There are four steps in the control process. They are as follows:
Step 1. Establish Performance Standards. Standards are created when objectives are set during the planning process. A standard is any guideline established as the basis for measurement. It is a precise, explicit statement of expected results from a product, service, machine, individual, or organizational unit. It is usually expressed numerically and is set for quality, quantity, and time. Tolerance is permissible deviation from the standard.
Step 2. Measure Actual Performance. Supervisors collect data to measure actual performance to determine variation from standard. Written data might include time cards, production tallies, inspection reports, and sales tickets. Personal observation, statistical reports, oral reports and written reports can be used to measure performance. Management by walking around, or observation of employees working, provides unfiltered information, extensive coverage, and the ability to read between the lines. While providing insight, this method might be misinterpreted by employees as mistrust. Oral reports allow for fast and extensive feedback. Computers give supervisors direct access to real time, unaltered data, and information. On line systems enable supervisors to identify problems as they occur.
Database programs allow supervisors to query, spend less time gathering facts, and be less dependent on other people.
Step 3. Compare Measured Performance Against Established Standards. Comparing results with standards determines variation. Some variation can be expected in all activities and the range of variation - the acceptable variance - has to be established. Management by exception lets operations continue as long as they fall within the prescribed control limits. Deviations or differences that exceed this range would alert the supervisor to a problem.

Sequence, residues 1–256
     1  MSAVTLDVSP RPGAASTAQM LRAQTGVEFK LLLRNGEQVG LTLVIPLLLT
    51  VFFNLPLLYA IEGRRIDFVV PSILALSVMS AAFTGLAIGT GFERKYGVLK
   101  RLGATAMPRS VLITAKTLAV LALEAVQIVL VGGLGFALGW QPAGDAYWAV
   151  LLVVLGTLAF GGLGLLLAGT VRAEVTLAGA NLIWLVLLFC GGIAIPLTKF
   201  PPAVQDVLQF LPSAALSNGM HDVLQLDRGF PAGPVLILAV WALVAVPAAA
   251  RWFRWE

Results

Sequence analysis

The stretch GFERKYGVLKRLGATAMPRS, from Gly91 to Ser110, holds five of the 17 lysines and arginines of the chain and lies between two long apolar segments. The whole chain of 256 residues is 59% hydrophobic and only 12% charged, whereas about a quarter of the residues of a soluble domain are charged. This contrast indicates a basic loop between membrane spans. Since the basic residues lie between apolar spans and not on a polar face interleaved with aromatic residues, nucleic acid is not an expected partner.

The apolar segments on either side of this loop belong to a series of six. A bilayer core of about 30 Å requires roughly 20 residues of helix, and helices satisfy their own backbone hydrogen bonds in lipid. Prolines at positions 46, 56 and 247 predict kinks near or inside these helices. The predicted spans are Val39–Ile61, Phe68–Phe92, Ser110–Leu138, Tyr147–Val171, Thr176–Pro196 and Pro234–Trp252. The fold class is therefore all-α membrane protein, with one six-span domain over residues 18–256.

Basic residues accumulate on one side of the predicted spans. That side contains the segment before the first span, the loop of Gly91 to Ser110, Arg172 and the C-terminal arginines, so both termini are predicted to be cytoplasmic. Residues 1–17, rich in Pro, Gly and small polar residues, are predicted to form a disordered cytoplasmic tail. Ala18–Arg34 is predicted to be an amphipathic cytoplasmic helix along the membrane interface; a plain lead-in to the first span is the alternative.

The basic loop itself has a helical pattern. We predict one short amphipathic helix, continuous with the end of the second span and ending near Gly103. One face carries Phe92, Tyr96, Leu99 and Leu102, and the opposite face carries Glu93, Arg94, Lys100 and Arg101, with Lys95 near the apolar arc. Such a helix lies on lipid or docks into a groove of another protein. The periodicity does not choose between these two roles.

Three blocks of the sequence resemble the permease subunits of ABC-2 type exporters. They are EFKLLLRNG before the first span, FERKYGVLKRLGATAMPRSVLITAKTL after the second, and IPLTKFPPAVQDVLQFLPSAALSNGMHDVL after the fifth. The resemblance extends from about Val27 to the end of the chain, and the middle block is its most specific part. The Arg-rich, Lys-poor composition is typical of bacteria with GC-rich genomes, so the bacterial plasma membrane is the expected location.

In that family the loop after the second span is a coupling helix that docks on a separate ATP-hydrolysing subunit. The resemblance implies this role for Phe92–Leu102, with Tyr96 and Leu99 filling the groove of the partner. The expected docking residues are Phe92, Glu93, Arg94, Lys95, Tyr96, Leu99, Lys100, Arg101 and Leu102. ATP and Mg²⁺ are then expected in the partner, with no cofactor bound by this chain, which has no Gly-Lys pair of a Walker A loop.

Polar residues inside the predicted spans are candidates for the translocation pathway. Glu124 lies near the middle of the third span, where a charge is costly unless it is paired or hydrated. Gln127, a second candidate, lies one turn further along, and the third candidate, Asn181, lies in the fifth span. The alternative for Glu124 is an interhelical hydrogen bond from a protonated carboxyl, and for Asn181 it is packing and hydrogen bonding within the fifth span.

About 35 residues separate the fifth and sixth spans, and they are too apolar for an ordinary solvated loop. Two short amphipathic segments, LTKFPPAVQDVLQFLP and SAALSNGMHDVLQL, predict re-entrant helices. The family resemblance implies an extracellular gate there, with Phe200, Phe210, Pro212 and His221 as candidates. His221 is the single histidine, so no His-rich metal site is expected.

Step 4. Take Corrective Action. The supervisor must find the cause of deviation from standard. Then, he or she takes action to remove or minimize the cause. If the source of variation in work performance is from a deficit in activity, then a supervisor can take immediate corrective action and get performance back on track.
Types of Control:
Controls are most effective when they are applied at key places. Supervisors can implement controls before the process begins (feed forward), during the process (concurrent), or after it ceases (feedback).
Feed forward controls focus on operations before they begin. Their goal is to prevent anticipated problems. An example of feed forward control isscheduled maintenance on automobiles and machinery.
Concurrent controls apply to processes as they are happening. Concurrent controls enacted while work is being performed include any type of steering or guiding mechanism such as direct supervision, automated systems (such as computers programmed to inform the user when they have issued the wrong command), and organizational quality programs.
Feedback controls focus on the results of operations. They guide future planning, inputs, and process designs. Examples of feedback controls include timely (weekly, monthly, quarterly, annual) reports so that almost instantaneous adjustments can be made.
Q.2 Veer Prabhakar is the Vice President of web bazaar, online portal for  shopping of various products. He has team of 100 people at different levels and departments. He is facing certain challenges.
To maintain motivation levels...